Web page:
One of the reasons a contract can be abandoned is that the performance of the contract is ‘frustrated’ – something happens which makes it impossible to complete.
In August 2007, the builders Barratt contracted with site owner Gold Group Properties Ltd. to build a large number of houses and flats. The nature of the agreement was that once the properties were built, they would be sold and the sale proceeds would be shared between Barratt and Gold. The contract was in the form of a ‘development agreement’. The land was transferred to Barratt in early 2008. The development agreement specified minimum prices for the properties sold.
Barratt was later advised that the minimum selling prices included in the development agreement would not be achieved and decided not to commence the development. Gold sued for £9.5 million in lost profits.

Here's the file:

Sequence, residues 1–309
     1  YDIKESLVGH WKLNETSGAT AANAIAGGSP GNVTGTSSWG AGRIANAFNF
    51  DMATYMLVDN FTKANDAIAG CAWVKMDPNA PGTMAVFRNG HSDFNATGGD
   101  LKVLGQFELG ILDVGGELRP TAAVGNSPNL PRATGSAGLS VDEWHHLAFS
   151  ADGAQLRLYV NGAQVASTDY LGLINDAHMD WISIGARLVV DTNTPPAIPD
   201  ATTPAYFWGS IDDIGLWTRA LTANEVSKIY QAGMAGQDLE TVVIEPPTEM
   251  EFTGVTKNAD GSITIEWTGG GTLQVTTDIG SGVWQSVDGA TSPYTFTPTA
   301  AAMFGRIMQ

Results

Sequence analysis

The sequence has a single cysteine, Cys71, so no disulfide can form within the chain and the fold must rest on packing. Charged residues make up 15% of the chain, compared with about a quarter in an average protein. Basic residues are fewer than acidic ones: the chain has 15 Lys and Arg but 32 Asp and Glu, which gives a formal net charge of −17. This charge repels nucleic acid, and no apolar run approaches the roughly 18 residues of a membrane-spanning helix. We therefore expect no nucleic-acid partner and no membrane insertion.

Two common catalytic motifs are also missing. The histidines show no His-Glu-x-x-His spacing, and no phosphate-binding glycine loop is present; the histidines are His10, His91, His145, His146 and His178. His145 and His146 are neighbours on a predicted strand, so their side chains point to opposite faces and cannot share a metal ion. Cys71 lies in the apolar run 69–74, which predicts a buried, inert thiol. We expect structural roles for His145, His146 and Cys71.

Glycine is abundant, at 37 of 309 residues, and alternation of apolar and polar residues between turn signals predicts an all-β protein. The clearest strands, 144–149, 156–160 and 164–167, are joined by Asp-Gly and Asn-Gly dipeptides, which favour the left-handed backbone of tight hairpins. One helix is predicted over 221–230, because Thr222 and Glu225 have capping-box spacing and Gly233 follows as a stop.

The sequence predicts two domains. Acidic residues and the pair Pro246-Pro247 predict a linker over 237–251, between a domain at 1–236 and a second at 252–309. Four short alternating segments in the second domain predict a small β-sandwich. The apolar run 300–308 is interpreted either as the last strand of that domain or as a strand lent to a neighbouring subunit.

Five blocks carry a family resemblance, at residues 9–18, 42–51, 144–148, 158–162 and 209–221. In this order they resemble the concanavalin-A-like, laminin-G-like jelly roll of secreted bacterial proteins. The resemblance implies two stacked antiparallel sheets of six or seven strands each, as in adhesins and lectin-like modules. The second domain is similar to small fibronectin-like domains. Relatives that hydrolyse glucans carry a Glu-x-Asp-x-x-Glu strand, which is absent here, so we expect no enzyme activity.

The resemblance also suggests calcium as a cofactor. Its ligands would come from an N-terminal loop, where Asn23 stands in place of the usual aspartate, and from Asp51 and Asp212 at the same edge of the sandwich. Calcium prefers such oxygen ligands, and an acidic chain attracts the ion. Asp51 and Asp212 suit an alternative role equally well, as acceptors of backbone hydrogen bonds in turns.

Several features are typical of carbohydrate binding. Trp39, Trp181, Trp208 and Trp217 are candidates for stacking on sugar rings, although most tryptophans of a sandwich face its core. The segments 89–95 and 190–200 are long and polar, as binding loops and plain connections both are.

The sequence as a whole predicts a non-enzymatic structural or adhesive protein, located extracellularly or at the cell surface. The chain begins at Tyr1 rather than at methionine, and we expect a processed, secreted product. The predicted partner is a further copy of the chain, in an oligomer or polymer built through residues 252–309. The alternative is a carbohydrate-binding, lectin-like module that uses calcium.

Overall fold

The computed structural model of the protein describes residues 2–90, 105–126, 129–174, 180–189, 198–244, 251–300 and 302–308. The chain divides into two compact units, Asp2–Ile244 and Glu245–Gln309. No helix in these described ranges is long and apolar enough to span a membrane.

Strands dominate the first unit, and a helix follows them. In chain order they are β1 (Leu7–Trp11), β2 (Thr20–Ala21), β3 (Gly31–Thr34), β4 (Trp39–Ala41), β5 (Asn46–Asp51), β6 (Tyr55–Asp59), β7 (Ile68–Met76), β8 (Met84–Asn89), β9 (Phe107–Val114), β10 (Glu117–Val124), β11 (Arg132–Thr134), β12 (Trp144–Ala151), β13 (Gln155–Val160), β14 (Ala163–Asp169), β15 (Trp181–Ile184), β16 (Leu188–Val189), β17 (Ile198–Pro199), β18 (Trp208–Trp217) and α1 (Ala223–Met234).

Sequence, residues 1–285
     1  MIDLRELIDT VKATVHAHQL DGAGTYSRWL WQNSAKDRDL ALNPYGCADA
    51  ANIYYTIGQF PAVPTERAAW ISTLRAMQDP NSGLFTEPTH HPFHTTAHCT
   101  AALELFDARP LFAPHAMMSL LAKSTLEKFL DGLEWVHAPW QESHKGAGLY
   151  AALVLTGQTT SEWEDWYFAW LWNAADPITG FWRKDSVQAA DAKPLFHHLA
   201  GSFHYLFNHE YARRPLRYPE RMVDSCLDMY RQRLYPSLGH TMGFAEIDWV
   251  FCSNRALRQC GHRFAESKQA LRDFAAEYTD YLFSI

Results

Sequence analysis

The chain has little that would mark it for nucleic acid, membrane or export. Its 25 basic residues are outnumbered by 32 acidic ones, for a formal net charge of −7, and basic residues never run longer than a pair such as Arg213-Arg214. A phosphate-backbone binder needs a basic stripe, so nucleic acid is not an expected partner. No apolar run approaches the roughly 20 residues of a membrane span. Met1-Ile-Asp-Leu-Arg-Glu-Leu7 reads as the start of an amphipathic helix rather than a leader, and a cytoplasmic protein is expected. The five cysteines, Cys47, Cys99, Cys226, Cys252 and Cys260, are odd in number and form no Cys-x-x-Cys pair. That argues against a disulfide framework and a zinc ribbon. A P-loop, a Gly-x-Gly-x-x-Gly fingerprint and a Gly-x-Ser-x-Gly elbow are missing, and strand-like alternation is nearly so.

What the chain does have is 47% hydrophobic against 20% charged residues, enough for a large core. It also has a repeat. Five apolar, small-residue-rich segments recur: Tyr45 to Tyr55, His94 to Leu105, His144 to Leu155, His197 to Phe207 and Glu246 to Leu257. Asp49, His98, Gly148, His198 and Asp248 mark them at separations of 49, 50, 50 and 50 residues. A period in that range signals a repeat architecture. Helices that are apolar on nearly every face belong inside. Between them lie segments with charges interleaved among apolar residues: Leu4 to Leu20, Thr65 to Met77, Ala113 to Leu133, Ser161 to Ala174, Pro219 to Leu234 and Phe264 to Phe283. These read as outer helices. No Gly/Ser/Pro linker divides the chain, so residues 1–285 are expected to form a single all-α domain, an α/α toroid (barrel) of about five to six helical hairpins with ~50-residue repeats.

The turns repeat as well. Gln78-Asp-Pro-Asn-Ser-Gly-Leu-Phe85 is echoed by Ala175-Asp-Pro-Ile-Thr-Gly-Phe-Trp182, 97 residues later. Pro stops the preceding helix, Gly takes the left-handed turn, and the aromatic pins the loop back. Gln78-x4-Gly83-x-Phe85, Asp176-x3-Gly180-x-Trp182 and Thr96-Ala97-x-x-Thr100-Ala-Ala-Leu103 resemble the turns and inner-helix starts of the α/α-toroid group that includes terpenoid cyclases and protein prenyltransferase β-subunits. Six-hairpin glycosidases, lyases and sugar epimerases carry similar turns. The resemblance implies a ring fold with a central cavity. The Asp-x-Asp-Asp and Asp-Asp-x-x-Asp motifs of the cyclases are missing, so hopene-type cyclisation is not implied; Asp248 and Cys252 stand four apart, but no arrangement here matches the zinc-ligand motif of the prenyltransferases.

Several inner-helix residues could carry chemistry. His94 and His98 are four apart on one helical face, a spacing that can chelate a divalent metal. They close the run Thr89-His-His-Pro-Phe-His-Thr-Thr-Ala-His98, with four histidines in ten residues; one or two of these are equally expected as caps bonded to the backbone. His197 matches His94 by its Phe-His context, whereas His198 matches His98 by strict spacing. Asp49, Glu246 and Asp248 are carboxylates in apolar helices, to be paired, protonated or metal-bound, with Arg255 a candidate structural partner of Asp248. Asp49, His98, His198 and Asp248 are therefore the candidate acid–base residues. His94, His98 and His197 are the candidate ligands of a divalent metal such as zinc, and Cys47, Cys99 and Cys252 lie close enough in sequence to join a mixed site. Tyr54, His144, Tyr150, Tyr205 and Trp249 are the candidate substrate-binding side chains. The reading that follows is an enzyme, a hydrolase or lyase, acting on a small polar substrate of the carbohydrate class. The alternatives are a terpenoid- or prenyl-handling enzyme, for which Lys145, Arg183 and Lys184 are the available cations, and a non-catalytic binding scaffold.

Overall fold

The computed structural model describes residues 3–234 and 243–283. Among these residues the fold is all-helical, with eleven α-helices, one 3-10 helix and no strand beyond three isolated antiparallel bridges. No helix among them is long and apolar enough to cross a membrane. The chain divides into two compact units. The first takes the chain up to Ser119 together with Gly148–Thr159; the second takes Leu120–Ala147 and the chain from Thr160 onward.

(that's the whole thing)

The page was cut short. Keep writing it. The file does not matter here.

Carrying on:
Barratt defended the action, using the argument that the minimum prices set out in the development agreement constituted a guaranteed minimum return or a condition which must be satisfied for the contract to have effect. It contended that the contract was therefore frustrated.
The court could not accept this argument. For a contract to be frustrated, an event must occur which is a change that is so significant that the parties to the contract could not reasonably have foreseen it when they entered into it. A fall in property prices is not such an event.